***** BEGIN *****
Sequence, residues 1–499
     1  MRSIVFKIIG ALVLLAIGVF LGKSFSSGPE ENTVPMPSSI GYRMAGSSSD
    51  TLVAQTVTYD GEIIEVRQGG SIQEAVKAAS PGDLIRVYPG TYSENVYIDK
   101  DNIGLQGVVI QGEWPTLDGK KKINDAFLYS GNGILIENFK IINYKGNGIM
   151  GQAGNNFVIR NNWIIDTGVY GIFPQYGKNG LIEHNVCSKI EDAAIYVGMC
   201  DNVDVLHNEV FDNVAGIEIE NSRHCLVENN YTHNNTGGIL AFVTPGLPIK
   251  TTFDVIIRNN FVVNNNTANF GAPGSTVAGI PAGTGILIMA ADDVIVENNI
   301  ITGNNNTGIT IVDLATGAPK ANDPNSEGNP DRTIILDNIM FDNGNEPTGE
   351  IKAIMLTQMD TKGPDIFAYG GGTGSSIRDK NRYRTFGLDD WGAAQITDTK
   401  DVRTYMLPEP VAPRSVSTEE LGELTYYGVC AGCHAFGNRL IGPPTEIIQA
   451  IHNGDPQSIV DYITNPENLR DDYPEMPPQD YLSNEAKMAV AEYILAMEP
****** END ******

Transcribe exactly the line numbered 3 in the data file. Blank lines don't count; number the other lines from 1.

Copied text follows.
    51  TLVAQTVTYD GEIIEVRQGG SIQEAVKAAS PGDLIRVYPG TYSENVYIDK